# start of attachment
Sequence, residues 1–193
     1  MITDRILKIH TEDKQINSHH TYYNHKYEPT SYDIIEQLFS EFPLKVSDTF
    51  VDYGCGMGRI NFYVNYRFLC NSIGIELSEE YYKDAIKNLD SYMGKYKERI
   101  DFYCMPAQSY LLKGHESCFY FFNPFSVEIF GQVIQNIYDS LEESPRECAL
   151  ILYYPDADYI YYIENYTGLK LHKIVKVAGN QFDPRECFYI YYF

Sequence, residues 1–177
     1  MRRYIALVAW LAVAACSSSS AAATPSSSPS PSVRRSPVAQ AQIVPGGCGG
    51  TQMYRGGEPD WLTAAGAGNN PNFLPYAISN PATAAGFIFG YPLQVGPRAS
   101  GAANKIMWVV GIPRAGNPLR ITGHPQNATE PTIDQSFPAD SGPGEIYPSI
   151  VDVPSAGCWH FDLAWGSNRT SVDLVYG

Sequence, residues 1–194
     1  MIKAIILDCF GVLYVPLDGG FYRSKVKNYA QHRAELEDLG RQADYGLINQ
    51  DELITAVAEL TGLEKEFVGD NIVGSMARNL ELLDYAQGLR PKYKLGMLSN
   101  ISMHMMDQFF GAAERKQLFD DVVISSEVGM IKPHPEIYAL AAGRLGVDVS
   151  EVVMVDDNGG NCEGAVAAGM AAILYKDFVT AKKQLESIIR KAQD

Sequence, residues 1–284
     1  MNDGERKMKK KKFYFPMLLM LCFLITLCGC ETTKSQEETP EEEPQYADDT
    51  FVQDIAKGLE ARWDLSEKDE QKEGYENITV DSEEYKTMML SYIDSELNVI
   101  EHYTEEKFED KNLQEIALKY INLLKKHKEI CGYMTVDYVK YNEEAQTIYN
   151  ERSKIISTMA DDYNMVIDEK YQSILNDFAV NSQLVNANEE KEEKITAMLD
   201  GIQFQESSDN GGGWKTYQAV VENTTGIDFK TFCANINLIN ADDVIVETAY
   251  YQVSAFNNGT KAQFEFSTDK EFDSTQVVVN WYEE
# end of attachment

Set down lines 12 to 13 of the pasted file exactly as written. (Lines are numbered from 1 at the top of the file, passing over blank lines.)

     1  MIKAIILDCF GVLYVPLDGG FYRSKVKNYA QHRAELEDLG RQADYGLINQ
    51  DELITAVAEL TGLEKEFVGD NIVGSMARNL ELLDYAQGLR PKYKLGMLSN